Got myself a project boat - an '84 Wellcraft 248 Sportsman. Now, I grant you that it is not a wooden boat, per se, but I will need to do some woodworking to get the boat I ultimately want.
As originally configured, it came with an I/O powered by a 350 V8. Well the idiot that had it previously didn't bother to remove all the drain plugs on the block - not a good idea in New England. So I trashed both the block and the outdrive as I prefer O/Bs anyway. So I now have a Johnson 200 V6, as well as a smaller Johnson 25hp as a kicker/trolling motor/emergency backup. The 200 will be mounted on a Gil bracket.
Anyway, my question relates to repairing the hole in the transom left after removing the outdrive. I plan to bolt a piece of 1/4" thick stainless steel plate I just happen to have laying around to the inside of the transom, and then to fill the hole with layers of 3/4" ply/fiberglass cloth and epoxy resin. I even plan to do a three stage stepped plug - the first step (against the stainless plate) will be about 18" square. The next step will be about 20" square - fitting into a ledge I'll rout flush to the first layer. The third layer will be about 22" square fitting into a second ledge.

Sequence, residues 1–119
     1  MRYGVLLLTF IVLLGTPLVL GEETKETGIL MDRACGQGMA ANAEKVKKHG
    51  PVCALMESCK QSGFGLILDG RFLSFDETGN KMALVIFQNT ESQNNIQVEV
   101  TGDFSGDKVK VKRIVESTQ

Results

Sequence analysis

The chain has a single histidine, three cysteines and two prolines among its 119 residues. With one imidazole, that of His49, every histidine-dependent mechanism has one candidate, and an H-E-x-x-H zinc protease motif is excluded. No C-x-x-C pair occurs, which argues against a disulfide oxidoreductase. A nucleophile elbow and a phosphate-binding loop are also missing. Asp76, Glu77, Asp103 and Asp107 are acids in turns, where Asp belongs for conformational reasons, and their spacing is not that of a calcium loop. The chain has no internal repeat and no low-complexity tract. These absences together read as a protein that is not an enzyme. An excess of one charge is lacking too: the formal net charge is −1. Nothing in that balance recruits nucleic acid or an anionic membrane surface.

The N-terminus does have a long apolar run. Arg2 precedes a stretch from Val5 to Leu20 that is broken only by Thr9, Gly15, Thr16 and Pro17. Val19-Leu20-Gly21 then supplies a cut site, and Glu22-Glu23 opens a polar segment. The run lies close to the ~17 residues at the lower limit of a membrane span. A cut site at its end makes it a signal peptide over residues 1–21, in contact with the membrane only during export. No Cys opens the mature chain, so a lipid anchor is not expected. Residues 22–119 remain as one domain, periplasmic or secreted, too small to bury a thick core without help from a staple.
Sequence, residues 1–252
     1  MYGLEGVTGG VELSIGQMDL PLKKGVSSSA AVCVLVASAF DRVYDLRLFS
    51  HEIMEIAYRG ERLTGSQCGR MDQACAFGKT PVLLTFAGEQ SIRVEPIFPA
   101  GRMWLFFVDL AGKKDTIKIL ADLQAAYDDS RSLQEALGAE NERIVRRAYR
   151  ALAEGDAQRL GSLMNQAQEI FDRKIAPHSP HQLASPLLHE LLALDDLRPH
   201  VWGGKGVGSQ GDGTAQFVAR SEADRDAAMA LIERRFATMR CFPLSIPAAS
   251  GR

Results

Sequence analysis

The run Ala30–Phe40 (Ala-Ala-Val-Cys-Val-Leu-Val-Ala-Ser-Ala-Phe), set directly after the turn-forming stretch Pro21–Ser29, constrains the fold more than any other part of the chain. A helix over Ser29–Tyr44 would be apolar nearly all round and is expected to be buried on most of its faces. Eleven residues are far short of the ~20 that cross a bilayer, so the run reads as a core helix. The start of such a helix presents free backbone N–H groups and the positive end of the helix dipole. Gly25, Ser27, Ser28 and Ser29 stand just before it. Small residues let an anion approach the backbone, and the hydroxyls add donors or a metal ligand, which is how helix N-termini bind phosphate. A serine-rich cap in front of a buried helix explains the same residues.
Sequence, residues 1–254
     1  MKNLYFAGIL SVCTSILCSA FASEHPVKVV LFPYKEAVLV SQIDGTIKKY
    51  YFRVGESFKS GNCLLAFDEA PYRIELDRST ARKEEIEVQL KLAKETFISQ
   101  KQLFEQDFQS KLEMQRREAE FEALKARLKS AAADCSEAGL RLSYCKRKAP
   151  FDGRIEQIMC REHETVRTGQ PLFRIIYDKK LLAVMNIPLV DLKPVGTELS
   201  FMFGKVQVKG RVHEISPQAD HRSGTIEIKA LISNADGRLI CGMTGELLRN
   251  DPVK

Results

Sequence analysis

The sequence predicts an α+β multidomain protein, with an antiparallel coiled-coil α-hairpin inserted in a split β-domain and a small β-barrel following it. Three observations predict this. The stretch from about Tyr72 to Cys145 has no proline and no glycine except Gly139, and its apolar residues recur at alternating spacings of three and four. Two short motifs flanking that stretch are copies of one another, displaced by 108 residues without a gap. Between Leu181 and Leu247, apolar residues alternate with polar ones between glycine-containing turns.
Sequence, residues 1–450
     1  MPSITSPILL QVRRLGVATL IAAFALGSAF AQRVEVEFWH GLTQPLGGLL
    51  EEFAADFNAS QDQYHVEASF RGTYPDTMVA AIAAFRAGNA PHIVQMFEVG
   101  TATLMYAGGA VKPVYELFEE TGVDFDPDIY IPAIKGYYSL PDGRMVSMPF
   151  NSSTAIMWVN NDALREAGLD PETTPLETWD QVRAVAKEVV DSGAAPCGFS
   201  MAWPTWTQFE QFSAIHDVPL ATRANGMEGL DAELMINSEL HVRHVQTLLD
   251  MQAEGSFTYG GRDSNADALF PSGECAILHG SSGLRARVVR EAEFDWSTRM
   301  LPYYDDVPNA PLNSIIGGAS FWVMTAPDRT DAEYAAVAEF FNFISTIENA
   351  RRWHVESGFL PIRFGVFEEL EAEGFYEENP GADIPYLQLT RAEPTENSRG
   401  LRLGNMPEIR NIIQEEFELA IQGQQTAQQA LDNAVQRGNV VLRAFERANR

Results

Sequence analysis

To take the stress of the outboard pushing on the reconfigured transom, I know that I need to add a pair of knees extending up from the floor stringers along the inside of the transom. My question is: what is the best way to make the connection between the stringer and the knee? The existing stringers are 3x6's, so the knees will be white oak 3x4's or 3x5's. I plan to use a fairly large stainless steel lag screw angled through the knee to pull it tight to the top of the stringer, but I can see that some form of gusset along both sides of the joint would add substantially to the strength. Marine plywood, or more stainless steel plate, would be the obvious choices, but I was wondering if anyone had other suggestions - either for material(s) used or even an entirely different way of doing this.